(Question answered by Martin, Ramesam, Charles and Dennis)
Q: I have a few doubts regarding Advaita. I was fascinated by this philosophy when I started perusing different philosophies but, on reflection, I found it to be untenable or a logical travesty at best.
I suspect that ajAtivAda is the ultimate tenet of advaita – creation never happened, ontologically speaking. And yet, inexplicably, this vyAvahArika world with its jIva-s exists. And, to end his purported suffering, the jIva has to realize this ontological oneness or sole existence of unqualified Brahman.
Now, to be a little antagonistic, according to the frame of reference of the jIva, his realization will not have any effect on the pAramArthika Brahman because jIva, world and liberation are all only vyAvahArika truth. As ajAtivAda explicitly states, jIva, world, liberation and bondage do not exist.
I suspect that advaita is also not a realization (mental state) of the jIva as Brahman cannot be an object of knowledge or experience so, at the apparent instant of realization (apparent because of ajAtivAda) nothing really happens from the point of the jIva also. Even for the jIvanmukta, his mind and body exist, yet neither his body nor mind can get liberation because it will turn Brahman into a subject.Continue reading →
(This article was originally published in ‘Yoga International’ magazine Aug-2011. I don’t think the magazine exists any longer, which is why no link is provided.)
During the past few years, an increasing number of scientists have claimed insight into the nondual nature of reality. These claims, however, ignore a fundamental truth: Consciousness falls outside the scope of scientific investigation. Therefore, by their very nature, such claims cannot be valid.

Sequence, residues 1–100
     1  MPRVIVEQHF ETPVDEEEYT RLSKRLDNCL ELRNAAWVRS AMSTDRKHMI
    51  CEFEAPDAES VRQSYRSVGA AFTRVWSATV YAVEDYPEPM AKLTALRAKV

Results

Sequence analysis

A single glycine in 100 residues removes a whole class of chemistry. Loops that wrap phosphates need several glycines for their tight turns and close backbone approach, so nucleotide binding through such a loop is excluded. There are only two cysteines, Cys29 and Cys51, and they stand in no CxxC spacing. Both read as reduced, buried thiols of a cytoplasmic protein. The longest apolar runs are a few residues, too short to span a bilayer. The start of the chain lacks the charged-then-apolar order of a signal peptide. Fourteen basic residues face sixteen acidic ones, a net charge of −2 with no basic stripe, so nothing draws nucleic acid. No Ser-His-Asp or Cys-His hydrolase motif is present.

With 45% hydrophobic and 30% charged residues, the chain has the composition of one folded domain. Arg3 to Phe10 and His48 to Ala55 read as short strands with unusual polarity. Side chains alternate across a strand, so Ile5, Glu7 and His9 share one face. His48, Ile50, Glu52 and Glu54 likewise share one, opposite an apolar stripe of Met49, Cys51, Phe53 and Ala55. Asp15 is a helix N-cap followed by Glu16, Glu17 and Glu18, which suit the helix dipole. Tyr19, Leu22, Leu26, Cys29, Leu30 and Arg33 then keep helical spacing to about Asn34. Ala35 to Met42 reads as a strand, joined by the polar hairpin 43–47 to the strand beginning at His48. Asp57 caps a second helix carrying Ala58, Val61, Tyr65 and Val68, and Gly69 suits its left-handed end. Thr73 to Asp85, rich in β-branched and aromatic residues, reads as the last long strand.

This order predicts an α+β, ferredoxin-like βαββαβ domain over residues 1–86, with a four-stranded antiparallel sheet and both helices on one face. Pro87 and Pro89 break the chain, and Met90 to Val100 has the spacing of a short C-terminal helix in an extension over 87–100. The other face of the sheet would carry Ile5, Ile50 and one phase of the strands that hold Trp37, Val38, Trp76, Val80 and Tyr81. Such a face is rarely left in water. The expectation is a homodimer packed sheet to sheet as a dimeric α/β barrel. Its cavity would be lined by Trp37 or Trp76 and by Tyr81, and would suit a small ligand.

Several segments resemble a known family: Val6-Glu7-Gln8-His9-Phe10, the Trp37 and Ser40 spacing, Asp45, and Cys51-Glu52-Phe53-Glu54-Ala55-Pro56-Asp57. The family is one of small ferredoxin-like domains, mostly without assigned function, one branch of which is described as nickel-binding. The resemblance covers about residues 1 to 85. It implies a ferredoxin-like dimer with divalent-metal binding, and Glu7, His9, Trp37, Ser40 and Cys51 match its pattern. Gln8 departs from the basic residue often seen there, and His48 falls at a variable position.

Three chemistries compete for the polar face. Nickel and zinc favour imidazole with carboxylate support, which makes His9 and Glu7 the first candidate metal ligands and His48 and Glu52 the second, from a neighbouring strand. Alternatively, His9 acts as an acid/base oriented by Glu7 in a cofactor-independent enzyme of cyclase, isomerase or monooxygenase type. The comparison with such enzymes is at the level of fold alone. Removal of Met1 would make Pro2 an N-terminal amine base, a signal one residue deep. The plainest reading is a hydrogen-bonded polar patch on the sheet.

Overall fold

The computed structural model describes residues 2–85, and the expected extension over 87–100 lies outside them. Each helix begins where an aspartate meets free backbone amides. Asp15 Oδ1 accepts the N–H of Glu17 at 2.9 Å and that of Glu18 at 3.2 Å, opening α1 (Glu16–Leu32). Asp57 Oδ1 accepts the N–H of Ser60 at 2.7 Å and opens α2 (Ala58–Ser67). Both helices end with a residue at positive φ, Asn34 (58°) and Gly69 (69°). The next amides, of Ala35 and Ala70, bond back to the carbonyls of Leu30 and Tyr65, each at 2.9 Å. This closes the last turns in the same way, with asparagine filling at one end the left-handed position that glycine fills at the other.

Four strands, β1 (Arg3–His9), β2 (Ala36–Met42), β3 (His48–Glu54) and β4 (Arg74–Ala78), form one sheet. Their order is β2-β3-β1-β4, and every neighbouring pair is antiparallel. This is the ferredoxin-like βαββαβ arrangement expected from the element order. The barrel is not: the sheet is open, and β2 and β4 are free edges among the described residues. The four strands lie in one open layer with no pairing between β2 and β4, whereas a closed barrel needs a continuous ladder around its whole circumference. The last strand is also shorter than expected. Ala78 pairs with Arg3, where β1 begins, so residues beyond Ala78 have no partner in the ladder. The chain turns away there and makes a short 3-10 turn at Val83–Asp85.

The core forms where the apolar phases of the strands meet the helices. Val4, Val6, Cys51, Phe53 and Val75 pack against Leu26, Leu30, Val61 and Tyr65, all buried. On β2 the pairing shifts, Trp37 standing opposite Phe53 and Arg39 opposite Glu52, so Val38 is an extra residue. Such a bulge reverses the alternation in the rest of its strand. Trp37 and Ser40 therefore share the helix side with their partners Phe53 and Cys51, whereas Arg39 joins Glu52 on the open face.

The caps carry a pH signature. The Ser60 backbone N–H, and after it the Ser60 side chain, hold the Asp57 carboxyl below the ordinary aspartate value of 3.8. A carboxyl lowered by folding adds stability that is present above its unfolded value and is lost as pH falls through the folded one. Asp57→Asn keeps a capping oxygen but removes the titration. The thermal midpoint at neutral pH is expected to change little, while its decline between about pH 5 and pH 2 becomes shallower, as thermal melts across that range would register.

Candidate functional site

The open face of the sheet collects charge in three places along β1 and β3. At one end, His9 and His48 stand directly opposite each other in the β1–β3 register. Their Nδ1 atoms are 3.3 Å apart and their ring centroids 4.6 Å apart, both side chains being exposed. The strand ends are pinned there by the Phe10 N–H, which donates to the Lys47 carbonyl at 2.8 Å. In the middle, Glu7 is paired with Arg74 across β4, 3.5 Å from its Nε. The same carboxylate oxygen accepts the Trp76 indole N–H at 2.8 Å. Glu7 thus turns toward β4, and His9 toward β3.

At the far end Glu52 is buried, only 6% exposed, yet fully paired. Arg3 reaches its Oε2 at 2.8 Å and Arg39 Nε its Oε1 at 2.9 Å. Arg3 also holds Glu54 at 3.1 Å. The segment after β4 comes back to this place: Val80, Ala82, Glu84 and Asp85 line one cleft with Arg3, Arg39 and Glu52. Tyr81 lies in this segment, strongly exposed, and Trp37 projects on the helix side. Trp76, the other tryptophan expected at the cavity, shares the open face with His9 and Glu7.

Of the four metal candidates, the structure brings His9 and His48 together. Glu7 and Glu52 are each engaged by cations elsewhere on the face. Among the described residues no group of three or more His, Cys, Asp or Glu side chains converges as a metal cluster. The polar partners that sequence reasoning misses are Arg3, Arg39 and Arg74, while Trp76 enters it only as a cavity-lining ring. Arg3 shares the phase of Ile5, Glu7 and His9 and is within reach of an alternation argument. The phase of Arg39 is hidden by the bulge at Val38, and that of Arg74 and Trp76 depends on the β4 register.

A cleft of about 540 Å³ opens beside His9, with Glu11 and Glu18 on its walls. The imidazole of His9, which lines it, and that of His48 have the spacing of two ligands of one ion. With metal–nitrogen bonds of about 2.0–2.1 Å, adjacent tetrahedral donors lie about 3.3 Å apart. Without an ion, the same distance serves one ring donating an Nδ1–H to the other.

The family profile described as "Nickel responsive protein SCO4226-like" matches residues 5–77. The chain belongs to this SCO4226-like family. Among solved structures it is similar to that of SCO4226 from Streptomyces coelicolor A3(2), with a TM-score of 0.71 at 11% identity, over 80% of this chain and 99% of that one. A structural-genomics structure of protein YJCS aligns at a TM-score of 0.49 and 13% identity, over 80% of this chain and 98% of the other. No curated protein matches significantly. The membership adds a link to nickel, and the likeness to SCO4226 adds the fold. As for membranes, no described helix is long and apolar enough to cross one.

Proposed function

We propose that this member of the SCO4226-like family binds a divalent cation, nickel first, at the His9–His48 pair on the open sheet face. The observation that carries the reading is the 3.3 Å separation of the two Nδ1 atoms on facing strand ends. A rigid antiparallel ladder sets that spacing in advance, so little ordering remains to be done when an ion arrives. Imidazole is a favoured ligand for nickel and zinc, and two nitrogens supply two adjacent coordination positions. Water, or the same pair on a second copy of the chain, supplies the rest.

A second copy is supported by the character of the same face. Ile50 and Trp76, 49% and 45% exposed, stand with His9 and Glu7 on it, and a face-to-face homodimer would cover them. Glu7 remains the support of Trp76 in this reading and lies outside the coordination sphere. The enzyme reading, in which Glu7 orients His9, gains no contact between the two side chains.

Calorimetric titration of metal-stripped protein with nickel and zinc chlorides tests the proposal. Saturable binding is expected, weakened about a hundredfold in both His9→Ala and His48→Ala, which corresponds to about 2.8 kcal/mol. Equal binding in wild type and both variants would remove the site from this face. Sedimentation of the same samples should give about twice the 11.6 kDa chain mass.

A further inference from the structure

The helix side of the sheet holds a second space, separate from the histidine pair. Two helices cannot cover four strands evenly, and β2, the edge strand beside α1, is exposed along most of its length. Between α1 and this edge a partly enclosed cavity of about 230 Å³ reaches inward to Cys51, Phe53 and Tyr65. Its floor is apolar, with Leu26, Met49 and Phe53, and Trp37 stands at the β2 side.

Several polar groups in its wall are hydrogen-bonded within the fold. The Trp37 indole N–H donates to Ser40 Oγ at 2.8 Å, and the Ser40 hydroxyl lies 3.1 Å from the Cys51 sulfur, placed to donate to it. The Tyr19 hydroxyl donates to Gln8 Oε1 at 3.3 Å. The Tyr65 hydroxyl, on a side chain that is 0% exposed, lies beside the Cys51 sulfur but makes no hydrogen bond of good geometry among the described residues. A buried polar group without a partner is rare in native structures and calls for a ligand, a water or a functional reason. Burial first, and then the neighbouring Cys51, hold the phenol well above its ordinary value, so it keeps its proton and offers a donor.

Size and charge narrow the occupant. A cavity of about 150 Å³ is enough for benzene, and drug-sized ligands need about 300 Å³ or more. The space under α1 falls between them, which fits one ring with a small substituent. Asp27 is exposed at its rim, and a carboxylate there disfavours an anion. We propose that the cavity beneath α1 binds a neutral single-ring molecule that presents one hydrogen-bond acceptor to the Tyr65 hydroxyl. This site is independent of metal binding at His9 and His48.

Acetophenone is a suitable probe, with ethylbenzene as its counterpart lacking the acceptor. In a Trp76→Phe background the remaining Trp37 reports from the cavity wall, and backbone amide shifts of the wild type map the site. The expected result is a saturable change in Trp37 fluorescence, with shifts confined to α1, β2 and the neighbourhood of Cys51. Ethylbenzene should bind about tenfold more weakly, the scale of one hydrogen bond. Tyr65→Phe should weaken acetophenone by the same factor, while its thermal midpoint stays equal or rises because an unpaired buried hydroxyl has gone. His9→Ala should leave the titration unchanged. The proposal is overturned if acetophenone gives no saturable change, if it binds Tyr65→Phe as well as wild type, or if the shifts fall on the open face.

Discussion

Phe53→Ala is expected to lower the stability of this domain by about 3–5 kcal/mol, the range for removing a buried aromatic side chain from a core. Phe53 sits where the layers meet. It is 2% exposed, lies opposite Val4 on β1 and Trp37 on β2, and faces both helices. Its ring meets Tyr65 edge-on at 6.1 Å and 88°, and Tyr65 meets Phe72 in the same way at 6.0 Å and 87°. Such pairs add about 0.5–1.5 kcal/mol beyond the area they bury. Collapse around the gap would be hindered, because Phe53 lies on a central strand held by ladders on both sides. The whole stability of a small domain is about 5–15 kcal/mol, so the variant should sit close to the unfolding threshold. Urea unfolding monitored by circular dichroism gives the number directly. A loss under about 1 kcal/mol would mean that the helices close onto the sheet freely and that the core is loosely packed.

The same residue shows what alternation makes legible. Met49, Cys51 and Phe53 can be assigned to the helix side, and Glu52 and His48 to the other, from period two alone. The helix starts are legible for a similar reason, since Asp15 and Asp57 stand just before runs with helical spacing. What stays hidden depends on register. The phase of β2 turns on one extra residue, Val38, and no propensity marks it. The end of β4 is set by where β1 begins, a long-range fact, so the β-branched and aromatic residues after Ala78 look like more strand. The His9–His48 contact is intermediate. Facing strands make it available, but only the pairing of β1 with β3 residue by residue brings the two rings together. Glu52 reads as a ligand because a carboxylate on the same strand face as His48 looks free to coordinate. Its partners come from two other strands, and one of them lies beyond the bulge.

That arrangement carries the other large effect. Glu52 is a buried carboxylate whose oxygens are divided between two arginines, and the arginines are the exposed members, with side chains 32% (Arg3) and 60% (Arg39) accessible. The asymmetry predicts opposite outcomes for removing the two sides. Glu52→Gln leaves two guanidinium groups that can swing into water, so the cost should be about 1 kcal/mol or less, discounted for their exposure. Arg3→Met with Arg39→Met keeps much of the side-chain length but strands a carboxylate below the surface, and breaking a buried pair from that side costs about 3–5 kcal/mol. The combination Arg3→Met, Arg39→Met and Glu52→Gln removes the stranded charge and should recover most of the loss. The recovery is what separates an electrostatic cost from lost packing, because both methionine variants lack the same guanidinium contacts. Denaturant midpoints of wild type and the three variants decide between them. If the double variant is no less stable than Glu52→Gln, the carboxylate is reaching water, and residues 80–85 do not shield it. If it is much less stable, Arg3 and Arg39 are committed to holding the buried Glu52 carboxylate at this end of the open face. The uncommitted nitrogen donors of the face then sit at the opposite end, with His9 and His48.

There has always been a degree of animosity between science and spirituality. The Catholic Church’s persecution of Galileo over his insistence that the Earth was not the center of the universe comes to mind, as does the current debate between Creationists and those preferring the more down-to-earth tenets of Darwinian evolution. It is encouraging, therefore, to see the growing number of books and articles written by scientists on the subject of nonduality. There is even an annual conference with the title “Science and Nonduality,” thus making it possible to explore these two avenues of knowledge in the same forum.
Paradoxically, both the power and the ultimate shortcoming of science as a tool for investigating the nature of reality lie in its objectivity. The scientific method of empirical observation and subsequent reasoning is something it shares with Vedanta, along with the acceptance of findings from those who have gone before (providing these findings do not contradict more recent discoveries).
Science has made a significant contribution to persuading people to consider that the world may not be as it initially appears to our limited organs of perception. At one end of the scale, the scanning electron microscope looks into the supposed solidity of the matter beneath our fingertips. At the other extreme, the Hubble telescope peers toward infinity into the swirling clouds of galaxies invisible to the naked eye. ‘Reality’ is far more subtle than everyday experience would have us believe. The hardness of the table on which I write is due to irrevocable laws regarding the spin of electrons and their sharing of orbitals around atoms. Massive energy sources in the universe result from entire galaxies being sucked into black holes. Our own senses are quite inadequate for the job of explaining the behavior of the world around us, whereas science seemingly can. Continue reading →
Q: I’m aware that I’m on (very) shaky ground when I talk/think about brahman. But there’s something that’s been bugging me for a long time now about the ‘definitions’ of brahman I’ve read.
Brahman is always described as changeless and eternal.
Let’s start with ‘changeless’. When I think (conceptualize, make images) about a changeless ‘force’ (for want of a better non-object word), I envision something static and dead, without animus, without vitality. Absolute zero, utter lack of motion/vibration, fixed-ness. But I can’t put this static-ness together with brahman, the ‘mother of all existence and vitality’. How could utter stillness give rise to such a vibrant universe?
Onto ‘eternal’. Why does brahman have to be eternal? Why couldn’t it have arisen with the Source Event (Big Bang, etc.) and evolved into its ‘current’ fullness? Likewise, why couldn’t it end with the collapse of the universe back to a zero-dimensional point?
So changeless and eternal elude/confuse me. But I suspect that’s because I’m trying to image-ine them, which is an oxymoron: conceptualizing the non-conceptual.Continue reading →